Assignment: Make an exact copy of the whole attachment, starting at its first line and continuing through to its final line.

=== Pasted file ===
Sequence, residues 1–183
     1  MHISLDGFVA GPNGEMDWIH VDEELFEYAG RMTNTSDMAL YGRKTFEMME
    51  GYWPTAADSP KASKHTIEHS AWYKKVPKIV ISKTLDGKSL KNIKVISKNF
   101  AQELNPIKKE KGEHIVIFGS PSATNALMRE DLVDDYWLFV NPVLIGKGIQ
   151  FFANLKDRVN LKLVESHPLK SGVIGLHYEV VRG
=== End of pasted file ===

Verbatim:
Sequence, residues 1–183
     1  MHISLDGFVA GPNGEMDWIH VDEELFEYAG RMTNTSDMAL YGRKTFEMME
    51  GYWPTAADSP KASKHTIEHS AWYKKVPKIV ISKTLDGKSL KNIKVISKNF
   101  AQELNPIKKE KGEHIVIFGS PSATNALMRE DLVDDYWLFV NPVLIGKGIQ
   151  FFANLKDRVN LKLVESHPLK SGVIGLHYEV VRG